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The author rambles quite a bit then, a little tentatively and vaguely, he asks important questions about the universe. He does very little actual explaining in this book, instead he asks scientists these questions and reports the responses. Some responses are understandable and relevant, many others are not. The finest aspect of this book is the good questions it asks:
What exactly is this Spooky Action at a Distance?
How does this work with Quantum Mechanics and Relativity?
How is it different from normal action that can transmit information?
What is local realism and does it really hold?
Is randomness fundamental or an aspect of non-locality?
Are Space and Time fundamental or just interpretations?
Are Continuums fundamental or just interpretations?
Unfortunately there are no answers to these questions in the book and the author seems to revel in the weirdness of modern physics instead of seeking simplicity that might transform the weirdness into the obvious.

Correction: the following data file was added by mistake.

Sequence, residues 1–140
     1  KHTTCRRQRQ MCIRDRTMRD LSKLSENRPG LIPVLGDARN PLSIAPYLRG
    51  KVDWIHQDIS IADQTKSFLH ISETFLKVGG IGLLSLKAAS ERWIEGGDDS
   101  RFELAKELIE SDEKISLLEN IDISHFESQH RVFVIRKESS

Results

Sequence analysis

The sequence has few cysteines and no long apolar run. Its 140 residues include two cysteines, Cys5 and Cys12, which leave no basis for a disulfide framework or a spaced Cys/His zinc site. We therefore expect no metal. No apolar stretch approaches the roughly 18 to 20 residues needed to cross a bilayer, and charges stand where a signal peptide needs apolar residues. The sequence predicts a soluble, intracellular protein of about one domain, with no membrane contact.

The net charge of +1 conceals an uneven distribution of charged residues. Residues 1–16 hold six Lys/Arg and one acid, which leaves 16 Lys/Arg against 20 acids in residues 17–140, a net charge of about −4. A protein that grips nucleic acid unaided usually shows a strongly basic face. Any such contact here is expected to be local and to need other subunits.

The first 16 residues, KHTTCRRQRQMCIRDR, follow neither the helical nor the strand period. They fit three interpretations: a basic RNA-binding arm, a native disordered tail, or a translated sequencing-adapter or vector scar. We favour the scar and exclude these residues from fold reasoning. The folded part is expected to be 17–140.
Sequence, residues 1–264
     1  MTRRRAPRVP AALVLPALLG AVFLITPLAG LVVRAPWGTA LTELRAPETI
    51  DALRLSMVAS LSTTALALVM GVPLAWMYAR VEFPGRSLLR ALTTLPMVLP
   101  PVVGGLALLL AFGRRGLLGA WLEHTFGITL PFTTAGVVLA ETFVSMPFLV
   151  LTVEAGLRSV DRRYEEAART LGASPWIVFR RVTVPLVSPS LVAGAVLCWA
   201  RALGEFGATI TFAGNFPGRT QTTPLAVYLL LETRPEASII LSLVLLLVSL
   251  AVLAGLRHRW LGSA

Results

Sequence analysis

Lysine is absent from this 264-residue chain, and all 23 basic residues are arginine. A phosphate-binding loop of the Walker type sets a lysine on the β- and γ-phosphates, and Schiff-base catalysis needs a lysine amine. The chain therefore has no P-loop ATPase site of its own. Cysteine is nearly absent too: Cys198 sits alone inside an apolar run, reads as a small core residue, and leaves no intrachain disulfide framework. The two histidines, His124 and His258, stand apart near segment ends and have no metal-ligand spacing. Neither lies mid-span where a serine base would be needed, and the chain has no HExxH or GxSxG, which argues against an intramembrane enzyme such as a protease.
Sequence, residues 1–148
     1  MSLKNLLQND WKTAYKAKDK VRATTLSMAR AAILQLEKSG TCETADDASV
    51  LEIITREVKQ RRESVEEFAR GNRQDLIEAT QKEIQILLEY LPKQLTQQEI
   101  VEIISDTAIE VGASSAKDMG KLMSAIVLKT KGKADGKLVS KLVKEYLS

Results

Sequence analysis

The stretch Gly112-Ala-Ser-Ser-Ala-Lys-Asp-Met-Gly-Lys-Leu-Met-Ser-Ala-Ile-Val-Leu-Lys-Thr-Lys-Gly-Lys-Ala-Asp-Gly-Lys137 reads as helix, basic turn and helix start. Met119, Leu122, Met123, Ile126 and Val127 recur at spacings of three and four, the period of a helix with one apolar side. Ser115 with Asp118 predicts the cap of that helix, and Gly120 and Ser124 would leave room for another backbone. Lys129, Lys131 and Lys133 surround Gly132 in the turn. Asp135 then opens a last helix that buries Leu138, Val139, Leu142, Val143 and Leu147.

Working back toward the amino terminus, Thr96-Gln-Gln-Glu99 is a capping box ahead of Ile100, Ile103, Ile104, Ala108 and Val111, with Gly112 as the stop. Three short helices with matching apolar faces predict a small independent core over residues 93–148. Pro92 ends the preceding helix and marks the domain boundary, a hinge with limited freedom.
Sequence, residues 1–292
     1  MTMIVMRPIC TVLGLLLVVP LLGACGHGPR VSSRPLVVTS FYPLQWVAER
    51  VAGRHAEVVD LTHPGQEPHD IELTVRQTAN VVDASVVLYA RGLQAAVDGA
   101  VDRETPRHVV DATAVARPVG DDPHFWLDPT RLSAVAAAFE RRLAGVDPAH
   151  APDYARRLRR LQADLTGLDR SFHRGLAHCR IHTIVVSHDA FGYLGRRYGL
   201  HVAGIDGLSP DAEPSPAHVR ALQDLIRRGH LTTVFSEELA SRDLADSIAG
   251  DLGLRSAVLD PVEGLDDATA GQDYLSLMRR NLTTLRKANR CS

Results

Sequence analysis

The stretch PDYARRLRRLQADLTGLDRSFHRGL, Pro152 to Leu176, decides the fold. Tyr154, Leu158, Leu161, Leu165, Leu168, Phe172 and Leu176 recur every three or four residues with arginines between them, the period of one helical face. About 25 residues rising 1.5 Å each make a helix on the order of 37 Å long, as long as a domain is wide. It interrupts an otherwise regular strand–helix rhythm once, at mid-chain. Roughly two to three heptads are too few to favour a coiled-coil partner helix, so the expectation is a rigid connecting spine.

I enjoyed this book for the questions, but I was frustrated by the presentation of tricky ideas without context or simplification, the lack of focus or structure, and the anything-goes attitude, where any theory is as good as any other, regardless of how weird it might be.
The narration is quite good keeping a very engaging tone and energy throughout.
71 of 81 people found this review helpful
Keeps you hooked, and I have ADHD. It's has slow parts of more known history than science if you already listen to similar books. But he keeps it interesting with broad topics. I thought it was a great book that was a surprise after many less interesting. Will listen too over and over I'm sure.
22 of 25 people found this review helpful